Over the borderline

Bernard Zuel March 31, 2012

Madonna.

Madonna tries too hard on her new album.

MDNA
Madonna (Universal)  ★★★

NEARING the end of her third decade in the industry, the name Madonna is still big enough to open media doors, to be an automatic subject of debate and review. Even when discussing contemporary cultural lightning rods such as Lady Gaga, Nicki Minaj and M.I.A., our discourse often turns on compare/contrasts with Madonna at her peak of performance, image, music and media manipulation. It's been a while, however, since those opened doors guaranteed any kind of stay at the centre of things. This is despite constant, some might say frantic, efforts to remain fashionable. Madonna doesn't do consolidation and examination in depth; her currency always was being smart enough to distil what's current.

Unfortunately, what worked spectacularly for the first 17 years has been wildly inconsistent this century. Given 2008's Hard Candy was decidedly rubbish, we're due a decent album and MDNA should be a refresher course in why Madonna Louise Ciccone outgunned and outlasted pretty much everyone who came up with her. But it isn't.

Not for lack of effort, though - as an extended version of this album with 17 tracks across 68 minutes shows. So, among its seven producers, MDNA finds her back with William Orbit, who helped redefine her with the very good Ray of Light; sharing vocals with Minaj and M.I.A.; leaning heavily on often thumping dance-floor sounds; and working whatever angle she can to generate some tabloid-goosing outrage.

It is the last element that is the first sign of this album's significant weakness: trying too hard. Gang Bang has a recurring, abrasive scratchy rumble that is promising but its petty-crime narrative's language (''Drive bitch, and while you're at it, die bitch'') reeks of look-at-me. More laughable, though, are Girl Gone Wild and I'm a Sinner whose Catholic-girl-in-heat lines have you yawning before you get to ''Hail Mary full of grace, get down on your knees and pray''.

And really, if you're going to use Minaj and M.I.A, you want to make sure they don't outshine you so easily and the songs aren't as trite and disposable as Give Me All Your Luvin' (saved from being the worst song on the album only by the empty Some Girls) and I Don't Give A.

Interestingly, the latter is one of three songs, including one of the bonus tracks, that address the end of her last marriage. She moves from bitterness there to reflective (the winning, lightly electronic ballad Falling Free) and even a bit of humility (the unfortunately flatlined electronic pulse of I F---ed Up). What a pity equal thought was not given to the just plain dumb lyrics of Superstar or the melody of the just plain dull Masterpiece. And what a waste that she didn't pursue more compelling pieces of hands-in-the-air dance such as I'm Addicted and Turn Up the Radio.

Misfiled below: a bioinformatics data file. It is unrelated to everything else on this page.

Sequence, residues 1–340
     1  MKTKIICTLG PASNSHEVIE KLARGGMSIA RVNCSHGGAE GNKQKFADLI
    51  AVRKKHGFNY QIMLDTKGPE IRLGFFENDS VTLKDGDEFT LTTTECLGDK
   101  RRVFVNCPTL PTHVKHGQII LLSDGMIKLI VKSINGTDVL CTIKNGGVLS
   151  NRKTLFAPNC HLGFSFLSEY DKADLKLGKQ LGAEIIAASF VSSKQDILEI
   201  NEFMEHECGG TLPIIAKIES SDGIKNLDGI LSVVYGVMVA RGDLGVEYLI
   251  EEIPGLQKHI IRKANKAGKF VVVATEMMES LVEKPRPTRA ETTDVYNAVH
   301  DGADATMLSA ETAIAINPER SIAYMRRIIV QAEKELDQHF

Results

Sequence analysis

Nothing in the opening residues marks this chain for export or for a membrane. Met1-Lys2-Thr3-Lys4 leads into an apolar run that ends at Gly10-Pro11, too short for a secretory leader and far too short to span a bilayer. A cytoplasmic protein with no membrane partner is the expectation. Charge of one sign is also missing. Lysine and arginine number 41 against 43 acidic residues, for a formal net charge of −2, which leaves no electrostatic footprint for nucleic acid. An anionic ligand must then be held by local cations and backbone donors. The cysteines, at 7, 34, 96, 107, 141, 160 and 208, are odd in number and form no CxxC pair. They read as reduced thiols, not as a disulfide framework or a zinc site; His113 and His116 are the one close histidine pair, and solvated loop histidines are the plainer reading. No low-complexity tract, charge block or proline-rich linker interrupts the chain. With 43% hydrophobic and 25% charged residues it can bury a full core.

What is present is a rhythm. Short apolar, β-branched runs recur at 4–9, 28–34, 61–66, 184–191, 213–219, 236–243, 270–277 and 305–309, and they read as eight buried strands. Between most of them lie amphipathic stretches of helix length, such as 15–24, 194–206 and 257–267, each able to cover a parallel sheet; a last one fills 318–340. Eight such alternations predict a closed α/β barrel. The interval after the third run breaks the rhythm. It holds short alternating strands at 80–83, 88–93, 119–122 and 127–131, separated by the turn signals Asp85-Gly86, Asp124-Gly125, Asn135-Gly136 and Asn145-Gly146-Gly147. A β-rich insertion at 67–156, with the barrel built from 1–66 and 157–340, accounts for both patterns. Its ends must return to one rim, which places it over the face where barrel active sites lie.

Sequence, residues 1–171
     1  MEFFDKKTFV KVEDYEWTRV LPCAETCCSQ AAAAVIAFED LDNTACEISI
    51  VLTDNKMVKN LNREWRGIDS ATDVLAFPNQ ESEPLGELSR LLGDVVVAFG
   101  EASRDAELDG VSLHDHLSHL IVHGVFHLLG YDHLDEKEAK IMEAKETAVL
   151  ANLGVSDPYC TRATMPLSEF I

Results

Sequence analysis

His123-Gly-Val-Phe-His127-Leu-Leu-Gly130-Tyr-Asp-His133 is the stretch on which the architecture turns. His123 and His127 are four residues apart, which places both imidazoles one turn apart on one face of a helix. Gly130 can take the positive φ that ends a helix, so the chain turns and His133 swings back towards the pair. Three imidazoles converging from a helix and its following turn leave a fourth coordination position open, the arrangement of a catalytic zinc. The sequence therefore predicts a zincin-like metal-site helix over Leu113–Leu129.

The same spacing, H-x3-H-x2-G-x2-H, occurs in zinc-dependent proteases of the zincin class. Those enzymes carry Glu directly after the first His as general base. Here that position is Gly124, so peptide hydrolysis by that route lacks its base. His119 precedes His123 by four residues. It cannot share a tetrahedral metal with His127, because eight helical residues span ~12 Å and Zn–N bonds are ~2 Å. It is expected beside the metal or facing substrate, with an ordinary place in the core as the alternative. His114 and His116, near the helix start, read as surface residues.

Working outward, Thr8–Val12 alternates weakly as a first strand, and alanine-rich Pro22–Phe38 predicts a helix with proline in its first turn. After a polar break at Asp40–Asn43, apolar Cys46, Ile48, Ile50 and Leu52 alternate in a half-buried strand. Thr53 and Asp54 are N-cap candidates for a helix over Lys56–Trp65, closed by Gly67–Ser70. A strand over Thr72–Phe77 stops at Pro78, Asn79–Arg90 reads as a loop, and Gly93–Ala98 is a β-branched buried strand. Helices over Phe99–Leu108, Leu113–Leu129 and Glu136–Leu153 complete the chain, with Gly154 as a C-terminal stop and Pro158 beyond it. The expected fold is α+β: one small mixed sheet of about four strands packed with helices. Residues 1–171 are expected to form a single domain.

ALBUM REVIEWS

Moments in Time
Alex & Nilusha (Whispering Tree/The Planet Company)  ★★★★

ALEX is Alex Pertout, percussionist extraordinaire. Nilusha is Nilusha Dassenaike, vocalist extraordinaire. Both are luminaries of the Australian jazz/world scene and have delivered a suite of songs that entrances the senses. Dassenaike brings a warmth to her singing; her interpretation of James Taylor's You Can Close Your Eyes is simply lovely. She and Pertout share most of the song credits and there is not a weak link in the chain. Pertout shows in sublime style how percussion is more than the drum roll, but can be a sparkling joyous rhythm. The duo is joined by Joe Chindamo and Tony Gould (piano), Miroslav Bukovsky (trumpet), Dave Valentin (flute), Craig Newman (bass), David Jones (drums) and Leonard Grigoryan (guitar).

WARWICK McFADYEN

 

Happy
Andrew Winton (Kamzoid/MGM)  ★★★½

WEST Australian Andrew Winton, brother of Tim Winton, has been recognised, both here and overseas, as one of this country's finest lap-slide guitarists. He's so admired that Alabama's Don't Fret Instruments has made him a purpose-built Lucky 13 double-neck 13-string lap slide guitar that he features on this album. The songs range from a bouncy ditty about the joys of being Happy, through to the blues-funk of Too High to a moody reading of Lou Reed's Walk on the Wild Side and the seductively beautiful folk love song, Waiting. Winton is a talented singer and songwriter but his forte, not fully exploited on this album, remains his remarkable guitar playing.

BRUCE ELDER

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